Gorman, who is Diné – the name Navajo people call themselves – wanted to develop a support system after seeing the insecurity brought on by COVID-19, the disease caused by the coronavirus. Looking for a way to help, he noticed groups in other states that are taking a different approach to community wellness: mutual aid networks.
The Navajo Nation has the highest per capita rate of COVID-19 cases in the country compared with individual states. As of June 29, there were 7,532 cases and 363 deaths among the 173,000 people who live on the reservation.
The numbers were not lost on Gorman. “We developed our collective in hopes of providing a system of support for one another,” he said.
The collective comprises a core group of about seven individuals who shop and then sanitize, make care packages and sanitize again, make deliveries or drop-offs, and then sanitize once more.
Since March, Desert Indigenous Collective has helped about 15 families in the Phoenix area with items ranging from pet food to paper towels. Those who request assistance receive supplies in bulk intended to last up to two weeks. The work is almost entirely funded by online donations and community support, with some funding coming directly from collective members, who balance this work with full-time jobs.
Coordinating previous efforts
In the absence of readily-available public aid, many have instead leaned on their neighbors for support, leading to the creation of several mutual aid groups similar to the Desert Indigenous Collective.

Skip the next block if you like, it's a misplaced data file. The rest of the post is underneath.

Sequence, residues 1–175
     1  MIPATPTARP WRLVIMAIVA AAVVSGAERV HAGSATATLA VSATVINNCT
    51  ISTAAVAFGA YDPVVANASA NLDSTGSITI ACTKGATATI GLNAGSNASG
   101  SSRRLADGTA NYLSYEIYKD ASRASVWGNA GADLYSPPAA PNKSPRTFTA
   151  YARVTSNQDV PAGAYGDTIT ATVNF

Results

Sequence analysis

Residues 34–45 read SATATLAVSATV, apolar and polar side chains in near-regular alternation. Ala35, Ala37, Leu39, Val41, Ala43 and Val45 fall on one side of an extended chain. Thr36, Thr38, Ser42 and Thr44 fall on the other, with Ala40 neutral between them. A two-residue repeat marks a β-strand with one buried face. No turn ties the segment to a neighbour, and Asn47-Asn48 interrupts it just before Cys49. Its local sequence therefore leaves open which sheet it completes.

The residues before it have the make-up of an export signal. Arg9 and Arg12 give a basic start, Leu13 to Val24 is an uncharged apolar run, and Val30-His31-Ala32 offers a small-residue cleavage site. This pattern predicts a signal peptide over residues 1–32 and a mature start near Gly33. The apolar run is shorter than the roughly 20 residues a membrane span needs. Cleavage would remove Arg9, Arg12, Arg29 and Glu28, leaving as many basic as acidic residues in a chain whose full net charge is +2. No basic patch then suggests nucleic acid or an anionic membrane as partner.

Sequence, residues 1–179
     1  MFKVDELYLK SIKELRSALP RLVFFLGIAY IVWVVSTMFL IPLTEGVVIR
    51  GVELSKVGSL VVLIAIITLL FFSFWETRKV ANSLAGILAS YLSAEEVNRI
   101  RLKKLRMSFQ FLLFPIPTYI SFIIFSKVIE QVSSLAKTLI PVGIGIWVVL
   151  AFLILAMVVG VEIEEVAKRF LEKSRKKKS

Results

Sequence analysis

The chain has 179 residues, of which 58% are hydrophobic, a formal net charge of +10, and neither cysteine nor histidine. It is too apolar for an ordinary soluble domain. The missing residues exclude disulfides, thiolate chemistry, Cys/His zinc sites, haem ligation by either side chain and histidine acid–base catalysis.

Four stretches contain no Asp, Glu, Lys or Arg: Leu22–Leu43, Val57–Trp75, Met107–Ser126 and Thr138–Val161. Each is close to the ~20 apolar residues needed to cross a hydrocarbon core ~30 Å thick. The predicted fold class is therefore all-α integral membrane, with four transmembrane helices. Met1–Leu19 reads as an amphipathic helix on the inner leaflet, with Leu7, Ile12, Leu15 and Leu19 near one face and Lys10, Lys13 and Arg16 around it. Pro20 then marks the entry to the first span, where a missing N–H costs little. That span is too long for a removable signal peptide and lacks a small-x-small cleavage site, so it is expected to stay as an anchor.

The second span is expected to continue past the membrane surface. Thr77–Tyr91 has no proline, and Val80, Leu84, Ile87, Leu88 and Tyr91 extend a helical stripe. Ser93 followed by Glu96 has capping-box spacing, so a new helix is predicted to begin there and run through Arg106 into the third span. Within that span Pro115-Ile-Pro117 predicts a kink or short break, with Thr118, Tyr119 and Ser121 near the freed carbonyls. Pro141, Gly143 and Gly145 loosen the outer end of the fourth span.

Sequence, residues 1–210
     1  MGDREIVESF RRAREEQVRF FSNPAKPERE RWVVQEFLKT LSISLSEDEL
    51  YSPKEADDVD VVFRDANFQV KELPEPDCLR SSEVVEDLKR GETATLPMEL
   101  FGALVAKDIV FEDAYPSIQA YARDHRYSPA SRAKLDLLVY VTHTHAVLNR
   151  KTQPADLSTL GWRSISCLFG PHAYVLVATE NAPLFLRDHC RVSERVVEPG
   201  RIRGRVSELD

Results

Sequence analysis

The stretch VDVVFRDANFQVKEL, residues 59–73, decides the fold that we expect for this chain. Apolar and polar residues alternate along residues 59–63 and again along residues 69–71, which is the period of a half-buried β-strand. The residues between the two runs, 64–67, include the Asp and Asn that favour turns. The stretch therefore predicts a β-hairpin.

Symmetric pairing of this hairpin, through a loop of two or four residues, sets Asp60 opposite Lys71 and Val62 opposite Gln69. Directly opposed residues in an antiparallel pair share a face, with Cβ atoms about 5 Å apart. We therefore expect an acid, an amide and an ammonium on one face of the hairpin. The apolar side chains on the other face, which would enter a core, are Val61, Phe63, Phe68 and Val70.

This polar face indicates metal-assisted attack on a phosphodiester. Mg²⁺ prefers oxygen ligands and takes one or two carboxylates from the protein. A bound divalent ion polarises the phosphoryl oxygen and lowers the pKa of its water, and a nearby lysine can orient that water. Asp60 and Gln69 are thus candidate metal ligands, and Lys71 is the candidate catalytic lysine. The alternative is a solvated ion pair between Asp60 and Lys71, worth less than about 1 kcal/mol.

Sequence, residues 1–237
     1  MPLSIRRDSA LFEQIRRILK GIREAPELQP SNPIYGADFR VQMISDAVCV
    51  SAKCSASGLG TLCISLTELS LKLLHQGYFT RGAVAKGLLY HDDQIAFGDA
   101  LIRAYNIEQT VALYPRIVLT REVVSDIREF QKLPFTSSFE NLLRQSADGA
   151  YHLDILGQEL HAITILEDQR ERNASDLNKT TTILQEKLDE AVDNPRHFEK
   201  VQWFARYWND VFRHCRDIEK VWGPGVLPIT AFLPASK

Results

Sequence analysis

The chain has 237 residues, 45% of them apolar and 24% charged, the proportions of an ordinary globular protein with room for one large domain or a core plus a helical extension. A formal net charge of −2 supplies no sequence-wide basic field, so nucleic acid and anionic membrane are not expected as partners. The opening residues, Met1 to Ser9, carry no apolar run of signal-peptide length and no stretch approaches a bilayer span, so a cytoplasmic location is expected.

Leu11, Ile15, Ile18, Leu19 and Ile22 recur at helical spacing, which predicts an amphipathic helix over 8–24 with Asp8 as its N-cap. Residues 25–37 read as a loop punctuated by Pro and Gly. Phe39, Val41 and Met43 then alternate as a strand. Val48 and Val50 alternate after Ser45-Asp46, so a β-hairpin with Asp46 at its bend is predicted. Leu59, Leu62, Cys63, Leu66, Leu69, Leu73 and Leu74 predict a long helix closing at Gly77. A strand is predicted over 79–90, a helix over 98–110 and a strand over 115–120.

Other resources in Arizona include Mutual Aid Phoenix, which aims to help underserved individuals through the sharing and redistribution of resources. It was created to be a formal reflection of what was already happening within communities, said Parris Wallace, director of Black Phoenix Organizing Collective and a founder of Mutual Aid Phoenix.
“Historically speaking, we have always taken care of one another,” Wallace said. “When this pandemic happened, the effort became more coordinated.”
Mutual Aid Phoenix, which launched in March, has helped about 50 families with such essentials as food, water, and cleaning supplies, Wallace said. It now has nearly 4,000 followers on Instagram.
“Mutual aid, as a practice, is not charity,” Wallace said. “Taking care of one another and making sure no one goes without, that’s what we’ve rooted ourselves in.”
Mutual Aid Phoenix and Desert Indigenous Collective started in response to the COVID-19 pandemic, but some existing groups are ramping up activities as well.
Expanding to meet needs
“De Mujer a Mujer” is a Phoenix radio show that has helped provide food and clothing to low-income people for the past five years. Founder Naye Olvera expanded those efforts three months ago to provide COVID-19 relief.
Donation options include helping with groceries or rent payments. De Mujer a Mujer has helped almost 1,700 individuals with food donations, and 10 families received rent assistance.
“A lot of people have been out of work, and now that the kids are home all day, it gets a little bit more expensive for the parents,” Olvera said. “It’s really hard for the families to pay rent.”
James Carlson, who has been a social worker in Arizona hospitals for the past five years, said some marginalized communities, like those experiencing homelessness, often benefit the most from community support.
“If a patient or client is worried about … where they’re going to have a safe place to lay their head at night, I think social justice precautions kind of go to the wayside,” he said.
It is encouraging, he said, to see people band together to invest time and resources into those most in need.
“Community buy-in right now is huge,” Carlson said, “because we’re in the middle of a pandemic that affects all of us.”